Opinion

Reversal of Fortune: Broadband Investment on the Wrong Track

One mainstay of U.S. political polling is the so-called “right track/wrong track” question, which charts the national mood and how satisfied Americans are with the direction of the country. While compiling our annual look at new investments in broadband networks, we unfortunately reached the conclusion that when it comes to infrastructure investment, our country is heading down the wrong track.

From 1996 through 2016, the broadband industry made capital investments in the American economy totaling $1.6 trillion, more by far than any other sector. Alarmingly, recent data indicates those investments began slowing in 2015. Investment by U.S. broadband providers in network infrastructure fell to $76.0 billion in 2016 down from approximately $77.9 billion in 2015 and $78.4 billion in 2014, according to a new USTelecom analysis of company capital expenditures data.

USTelecom compiles information from both public and private companies for this annual report, including data from wireline, wireless and cable companies. For years these reports mostly showed investment was increasing, which is what you’d expect given vociferous consumer demand for broadband services. But investment figures started heading south in 2015, the year the Federal Communications Commission decided to reclassify broadband providers as common carriers under Title II of the Communications Act.

Our revised estimates, based on company and industry data, indicate that overall broadband capital expenditures fell by about a half billion dollars from 2014 to 2015 and by nearly $2 billion from 2015 to 2016. From a peak of $78.5 billion in 2014, annual spending last year was about $2.4 billion less.

Corporate decisions to make multi-million (or billion) dollar network investments are based on a variety of factors, including interest rates, market risk and consumer demand. Then-FCC Chairman Tom Wheeler’s eleventh hour decision in 2015 to adopt heavy-handed, investment-unfriendly net neutrality rules — and unfairly apply those rules to ISPs alone, while continuing to give the rest of internet ecosystem the functional equivalent of a regulatory “hall pass” — might not account entirely for this two-year decline in network investment, but the uncertainty raised, and costs and red tape incurred by those regulations on broadband providers, certainly didn’t help.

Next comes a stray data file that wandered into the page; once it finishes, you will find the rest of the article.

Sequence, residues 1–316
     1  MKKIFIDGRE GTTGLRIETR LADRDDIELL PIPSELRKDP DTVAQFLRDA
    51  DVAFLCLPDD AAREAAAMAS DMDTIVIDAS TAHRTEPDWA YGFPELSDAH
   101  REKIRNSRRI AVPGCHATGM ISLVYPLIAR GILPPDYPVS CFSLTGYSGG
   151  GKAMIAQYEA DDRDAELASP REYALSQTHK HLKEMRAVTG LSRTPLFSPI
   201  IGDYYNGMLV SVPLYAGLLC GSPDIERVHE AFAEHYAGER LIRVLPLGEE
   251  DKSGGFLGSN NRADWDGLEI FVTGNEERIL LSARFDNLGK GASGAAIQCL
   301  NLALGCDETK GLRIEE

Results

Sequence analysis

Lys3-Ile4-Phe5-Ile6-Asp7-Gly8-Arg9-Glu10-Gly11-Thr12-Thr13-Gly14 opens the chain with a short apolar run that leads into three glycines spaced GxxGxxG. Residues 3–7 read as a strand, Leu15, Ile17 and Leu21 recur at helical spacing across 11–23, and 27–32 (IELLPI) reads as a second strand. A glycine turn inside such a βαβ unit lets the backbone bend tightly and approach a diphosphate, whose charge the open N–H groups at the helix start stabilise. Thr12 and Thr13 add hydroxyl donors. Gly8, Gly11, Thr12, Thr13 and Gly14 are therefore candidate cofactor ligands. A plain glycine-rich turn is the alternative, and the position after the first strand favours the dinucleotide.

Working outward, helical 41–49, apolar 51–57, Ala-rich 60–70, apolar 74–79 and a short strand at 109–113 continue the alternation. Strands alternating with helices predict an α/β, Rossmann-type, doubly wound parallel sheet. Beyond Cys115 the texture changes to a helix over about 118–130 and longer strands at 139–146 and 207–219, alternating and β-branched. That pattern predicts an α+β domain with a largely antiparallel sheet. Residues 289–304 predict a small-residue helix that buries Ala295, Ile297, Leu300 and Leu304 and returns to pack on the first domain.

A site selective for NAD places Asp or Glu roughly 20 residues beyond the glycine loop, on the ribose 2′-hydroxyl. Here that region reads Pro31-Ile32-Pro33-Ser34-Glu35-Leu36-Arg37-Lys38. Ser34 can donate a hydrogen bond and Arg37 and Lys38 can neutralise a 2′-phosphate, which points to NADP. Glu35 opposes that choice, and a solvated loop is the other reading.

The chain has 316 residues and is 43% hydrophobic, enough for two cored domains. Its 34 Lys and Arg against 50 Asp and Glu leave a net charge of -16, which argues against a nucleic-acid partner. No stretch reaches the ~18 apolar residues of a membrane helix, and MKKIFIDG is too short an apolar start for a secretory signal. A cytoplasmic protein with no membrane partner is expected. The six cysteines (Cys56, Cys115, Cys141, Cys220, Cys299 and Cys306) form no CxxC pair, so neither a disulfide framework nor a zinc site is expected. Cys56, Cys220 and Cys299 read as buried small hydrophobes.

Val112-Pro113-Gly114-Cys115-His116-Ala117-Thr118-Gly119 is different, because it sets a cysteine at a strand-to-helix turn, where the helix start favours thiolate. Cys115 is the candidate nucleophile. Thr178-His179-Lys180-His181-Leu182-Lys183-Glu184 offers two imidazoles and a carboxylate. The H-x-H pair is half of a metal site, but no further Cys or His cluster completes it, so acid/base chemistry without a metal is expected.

Broadband providers support an open internet, including prohibitions against blocking or throttling internet traffic and increased transparency. Industry detractors like to dismiss the fact that heavy-handed government regulations on networks can squelch investment, but legitimate research suggests otherwise.

Broadband providers need certainty so they can invest and innovate on their networks with confidence – and without federal bureaucrats looming nearby, second-guessing their decisions or new product and service offerings.

We need more investment in broadband infrastructure, not less. There are parts of the U.S., mostly in rural or hard-to-reach areas, which currently have little to no broadband service. Many of our members, family-owned companies in small towns serving America’s rural heartland, that have decades of experience connecting neighbors via phone and internet lines, can testify to how expensive it can be to expand or upgrade networks in rural areas.

Ensuring that all Americans have access to the economic, social and educational opportunities that broadband services allow is critical to the future health of our country, our democracy, and our global technology competitiveness. Millions of Americans cannot be left on the digital equivalent of dirt roads. That’s why we support FCC Chairman Ajit Pai’s effort to close the digital divide through a pro-competition, commonsense, and pro-consumer approach to broadband regulation. We need net neutrality regulations that protect consumers and innovation while also encouraging more network investment. This must not be an either/or proposition. For the sake of America’s global competitiveness, we can – and we must – have both.

There is so much that broadband providers can do for our country. It’s time our federal policies encourage more broadband investment, allowing us to provide opportunities for families and communities across this nation.

 

Jonathan Spalter is the president and CEO of USTelecom.

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